There is a hole inside of you (Part III – The Grand Finale)

Dr. Craig Barnes

This is Part III of The Reverend Dr. M. Craig Barnes sermon at Wake Forest University’s Baccalaureate service on May 15, 2016.  Part I can be found here: There’s a Hole in You (Part I) and Part II here: There’s a Hole in You (Part II).


And over against that temptation, stand pastors in churches all around the world, right in front of the altar, holding up the sacrament.  And one after another, their parishioners come forward to them with lives that are far from whole and complete.  And there is an extraordinary moment when a pastor and a parishioner meet at the altar. The pastor is holding the broken body of Christ, the parishioners come up one after another, and then there is this moment of spiritual intimacy when the Pastor looks the parishioner in the eye.  We remember the job that was lost.  Or the diagnosis of cancer. Or the prodigal son. Or the dream that is never going to come true. Or the cherished old lover who was left behind in the grave.

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A Savior who commissions us…who gives us not what we were itching for, something far better.  A glorious mission and purpose to lives, lives that can make a world of difference. There is a glorious mission for your life. You weren’t brought here by accident…Don’t try to get your life just right before taking up that mission.

In the words of John Calvin, All Rise.

Leave the garden better than you found it.

That’s your mission.

To leave our society better than you found it.

But you’re not going to be able to do that unless you know how to steward that thing that is missing. This is what gives you freedom actually that thing that’s missing. You’ve got choices as to how you respond to it.

One of the beloved members of my family is a hairy sheep dog. His name is Esau. Religion majors will get that. Esau is not just beloved, he is a good dog. He is obedient.  He is well trained. But if you were to show up on our front porch with a hot dog, he will follow you anywhere.  The beast that he is, he is driven by his appetites. Part of what it means to be made in the image in God, is to have the capacity to rise above your appetite, to make choices that are worthy of you. To use your life to for something that will make a difference even if doesn’t feel good along the way.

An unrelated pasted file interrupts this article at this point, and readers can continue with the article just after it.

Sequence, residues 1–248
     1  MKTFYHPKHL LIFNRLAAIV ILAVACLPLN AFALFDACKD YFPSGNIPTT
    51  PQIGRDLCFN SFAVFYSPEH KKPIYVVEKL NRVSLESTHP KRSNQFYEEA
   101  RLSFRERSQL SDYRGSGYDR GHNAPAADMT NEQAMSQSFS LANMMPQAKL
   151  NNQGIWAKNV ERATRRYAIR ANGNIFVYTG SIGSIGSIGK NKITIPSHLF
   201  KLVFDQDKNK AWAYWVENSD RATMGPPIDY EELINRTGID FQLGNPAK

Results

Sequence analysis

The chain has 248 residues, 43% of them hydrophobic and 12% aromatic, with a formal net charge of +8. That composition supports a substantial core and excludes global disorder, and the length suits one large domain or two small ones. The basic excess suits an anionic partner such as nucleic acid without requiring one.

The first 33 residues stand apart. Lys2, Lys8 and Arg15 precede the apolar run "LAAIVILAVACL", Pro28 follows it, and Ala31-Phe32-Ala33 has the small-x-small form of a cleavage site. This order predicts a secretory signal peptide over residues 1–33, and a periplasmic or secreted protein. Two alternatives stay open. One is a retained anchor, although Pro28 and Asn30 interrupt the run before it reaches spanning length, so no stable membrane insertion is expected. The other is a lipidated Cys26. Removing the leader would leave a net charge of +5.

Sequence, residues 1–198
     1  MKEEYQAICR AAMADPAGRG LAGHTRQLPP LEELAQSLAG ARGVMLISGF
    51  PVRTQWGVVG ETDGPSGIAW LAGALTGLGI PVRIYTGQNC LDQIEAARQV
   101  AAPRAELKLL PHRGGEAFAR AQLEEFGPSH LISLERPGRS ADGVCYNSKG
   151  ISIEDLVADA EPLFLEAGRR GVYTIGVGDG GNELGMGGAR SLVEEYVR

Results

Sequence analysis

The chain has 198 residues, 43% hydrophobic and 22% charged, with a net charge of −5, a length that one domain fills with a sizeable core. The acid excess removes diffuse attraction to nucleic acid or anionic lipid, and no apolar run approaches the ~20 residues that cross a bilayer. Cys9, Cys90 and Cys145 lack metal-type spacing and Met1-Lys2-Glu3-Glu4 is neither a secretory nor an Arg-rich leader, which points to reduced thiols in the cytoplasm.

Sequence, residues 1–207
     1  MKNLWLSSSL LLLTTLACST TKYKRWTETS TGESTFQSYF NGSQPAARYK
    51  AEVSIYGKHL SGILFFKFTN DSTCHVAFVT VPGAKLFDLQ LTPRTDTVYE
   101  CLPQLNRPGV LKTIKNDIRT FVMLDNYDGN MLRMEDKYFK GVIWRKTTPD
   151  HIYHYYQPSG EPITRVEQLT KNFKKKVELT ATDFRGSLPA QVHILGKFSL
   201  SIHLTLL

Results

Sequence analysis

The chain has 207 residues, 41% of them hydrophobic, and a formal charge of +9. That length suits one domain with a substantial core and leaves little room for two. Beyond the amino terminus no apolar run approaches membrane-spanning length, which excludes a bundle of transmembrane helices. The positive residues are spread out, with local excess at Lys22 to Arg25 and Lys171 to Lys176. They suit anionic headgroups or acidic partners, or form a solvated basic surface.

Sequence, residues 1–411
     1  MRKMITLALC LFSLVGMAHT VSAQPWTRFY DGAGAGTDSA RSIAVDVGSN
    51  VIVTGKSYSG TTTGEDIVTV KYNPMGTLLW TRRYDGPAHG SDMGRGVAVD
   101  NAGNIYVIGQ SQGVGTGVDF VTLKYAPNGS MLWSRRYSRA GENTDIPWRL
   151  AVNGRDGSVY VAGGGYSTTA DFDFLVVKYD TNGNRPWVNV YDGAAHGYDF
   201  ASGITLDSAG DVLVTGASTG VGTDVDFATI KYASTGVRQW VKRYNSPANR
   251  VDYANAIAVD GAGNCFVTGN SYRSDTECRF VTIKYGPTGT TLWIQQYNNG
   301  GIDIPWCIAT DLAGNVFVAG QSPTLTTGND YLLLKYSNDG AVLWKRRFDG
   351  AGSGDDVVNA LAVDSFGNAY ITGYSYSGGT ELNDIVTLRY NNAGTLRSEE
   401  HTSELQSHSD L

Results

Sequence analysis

[…] [Read more…]

There is a hole inside of you (Part II)

Dr. Craig Barnes

This is Part II of The Reverend Dr. M. Craig Barnes sermon at Wake Forest University’s Baccalaureate service on May 15, 2016.  Part I can be found here: There’s a Hole in You (Part I)

When my daughter graduated from college, I was amazed to hear the commencement speaker peddle the exact same drivel when I graduated from college. He looked out over 5,000 graduates and said to them: you are among the brightest and best we have ever seen. Set your goals high, dream your own dreams, chase your own star, and you can be anything that you want to be.

Really?

He might of well have said: I’m sorry we have nothing for you. It’s all out there, go put it together the best you can. 

And that’s really the assumption that we have that life is something we self-construct, not something we inherit. Not something that comes upon us with glorious mission, but self-construct. And the way we think we self-construct our own life is through our choices.

Anyone who has done parenting in the last generation knows that all good parenting advice has been about helping Johnny make good choices. So when Johnny throws a rock through the window, you’re not supposed to go out and spank him.  You bring Johnny in, you show him the glass on the floor and the rock and ask Johnny: was this a good choice? Johnny’s who a smart young man says: I’m thinking no. Right. Good choice. Good choice. [Read more…]